FORT MYERS, Fla. -- Takeaways from Day 3 of Camp Farrell:
* Red Sox president Larry Lucchino arrived at camp on Thursday and discussed many topics in regards to the 2013 season.
First, he was asked whether he read the recent book by former Red Sox manager Terry Francona and Boston Globe columnist Dan Shaughnessy, which does not paint a positive picture of Red Sox ownership.
“I haven’t,” Lucchino said. “I know some people find that hard to believe, but it seems logical to me. I want to look forward, not back. I’m afraid if I do read it, I will find inaccuracies and things that will cause me to react to it in a way that would divert me to cause some kind of side show, instead of dealing with the here and now.”
He added that maybe someday he’ll get to it, but it’s not on his immediate to-do list.
Lucchino has not talked to Francona since the book was released last month, but the Red Sox president said he did send Francona a congratulatory text message when he was hired as manager of the Cleveland Indians. He was asked if he would eventually reach out to Francona.
“I don’t know. There may be somewhere down the road,” Lucchino said. “He said a number of nice things about me and us since the book’s publication has come out and I prefer to focus on those things rather than on any commentary or translation.”
* Red Sox center fielder Jacoby Ellsbury will become a free agent at the end of the 2013 season and will likely be seeking a major pay day. Lucchino admitted the club wants him to stay and that the sides will talk about a possible long-term contract at some point soon, but he did not want to address it in a public manner.
“This is not the best forum to talk about contract negotiations with any player, particularly one who’s about to be a free agent,” Lucchino said. “Would we like to have him here? Yes. Do I think there will be some negotiations that will take place during the course of the year or perhaps sooner? Possibly. We wouldn’t rule anything out. We’d very much like to have him here. We’d like to have him part of a core Red Sox team, as Ben Cherington likes to say, part of the next great Red Sox team, but I don’t think it’s appropriate to have too much of a discussion about negotiation process right now and in this forum.”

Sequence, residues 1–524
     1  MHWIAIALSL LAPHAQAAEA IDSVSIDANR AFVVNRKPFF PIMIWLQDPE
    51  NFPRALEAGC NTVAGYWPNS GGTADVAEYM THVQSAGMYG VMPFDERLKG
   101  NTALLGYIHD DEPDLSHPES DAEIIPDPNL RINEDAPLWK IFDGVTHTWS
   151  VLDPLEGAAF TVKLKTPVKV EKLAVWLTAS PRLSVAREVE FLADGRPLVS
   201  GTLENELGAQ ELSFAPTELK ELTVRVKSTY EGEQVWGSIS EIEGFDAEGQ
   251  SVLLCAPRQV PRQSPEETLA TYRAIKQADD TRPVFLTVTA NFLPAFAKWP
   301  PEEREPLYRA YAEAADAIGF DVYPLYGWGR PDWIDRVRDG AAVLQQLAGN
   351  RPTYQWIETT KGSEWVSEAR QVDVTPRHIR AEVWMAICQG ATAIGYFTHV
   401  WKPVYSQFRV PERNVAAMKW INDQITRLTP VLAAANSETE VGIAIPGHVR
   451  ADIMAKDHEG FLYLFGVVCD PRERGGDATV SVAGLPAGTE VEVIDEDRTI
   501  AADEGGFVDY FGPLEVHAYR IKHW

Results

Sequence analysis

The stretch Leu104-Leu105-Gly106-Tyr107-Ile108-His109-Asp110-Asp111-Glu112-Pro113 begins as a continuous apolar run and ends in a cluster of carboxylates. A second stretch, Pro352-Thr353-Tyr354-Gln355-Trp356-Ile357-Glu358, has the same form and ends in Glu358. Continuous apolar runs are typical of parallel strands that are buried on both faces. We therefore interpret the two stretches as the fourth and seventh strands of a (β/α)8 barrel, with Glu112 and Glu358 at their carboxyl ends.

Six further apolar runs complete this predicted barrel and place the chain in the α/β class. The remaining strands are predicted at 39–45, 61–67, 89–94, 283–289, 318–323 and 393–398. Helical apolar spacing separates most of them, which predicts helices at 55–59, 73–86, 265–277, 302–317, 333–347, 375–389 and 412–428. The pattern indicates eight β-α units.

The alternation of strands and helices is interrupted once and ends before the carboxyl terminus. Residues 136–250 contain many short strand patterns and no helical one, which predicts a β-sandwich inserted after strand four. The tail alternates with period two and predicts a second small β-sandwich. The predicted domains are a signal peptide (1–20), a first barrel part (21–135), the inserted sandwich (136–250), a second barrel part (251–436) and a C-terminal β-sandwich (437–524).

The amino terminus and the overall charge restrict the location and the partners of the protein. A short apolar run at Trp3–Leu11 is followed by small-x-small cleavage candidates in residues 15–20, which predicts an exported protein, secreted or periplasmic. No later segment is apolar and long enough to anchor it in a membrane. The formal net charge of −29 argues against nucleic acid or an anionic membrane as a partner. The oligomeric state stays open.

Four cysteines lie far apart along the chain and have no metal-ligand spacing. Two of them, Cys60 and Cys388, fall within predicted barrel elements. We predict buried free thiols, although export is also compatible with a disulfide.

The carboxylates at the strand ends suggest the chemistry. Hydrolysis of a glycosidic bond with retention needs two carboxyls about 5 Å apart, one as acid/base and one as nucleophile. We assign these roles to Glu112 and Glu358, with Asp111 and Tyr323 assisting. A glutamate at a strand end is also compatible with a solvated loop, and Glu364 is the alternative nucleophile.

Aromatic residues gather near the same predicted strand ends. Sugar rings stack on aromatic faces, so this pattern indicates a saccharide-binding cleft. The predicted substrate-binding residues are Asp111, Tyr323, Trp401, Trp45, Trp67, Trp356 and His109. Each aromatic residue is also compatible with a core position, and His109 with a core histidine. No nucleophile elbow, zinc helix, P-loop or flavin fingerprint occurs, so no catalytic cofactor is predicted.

* While the Red Sox are in Florida and most fans are back in New England, the team has posted billboards around Boston that read: “What’s broke, can be fixed” and “Big things ahead.” With ticket sales down and the sellout streak likely to end in April, the Red Sox are pushing their brand.
“It’s a marketing slogan but I think this one has the added virtue of being true and transparent. We know last year, and the final month of the preceding year, were the beginning of a very downward trend for this franchise, a historic collapse, a disastrous 2012,” Lucchino said. “It was no secret things needed to be repaired, reset, rebuilt, reloaded, whatever ‘R’ word you want to use. Acknowledging it was probably an honest way to approach the season.”
* There’s a strong sense of normalcy at camp this year. There’s no drama (yet) surrounding the club, and all the early reports on new manager John Farrell have been positive from the players, coaches, staff members and ownership. Lucchino, who was a big advocate to hire Bobby Valentine for the 2012 season, gave his endorsement of the new skipper.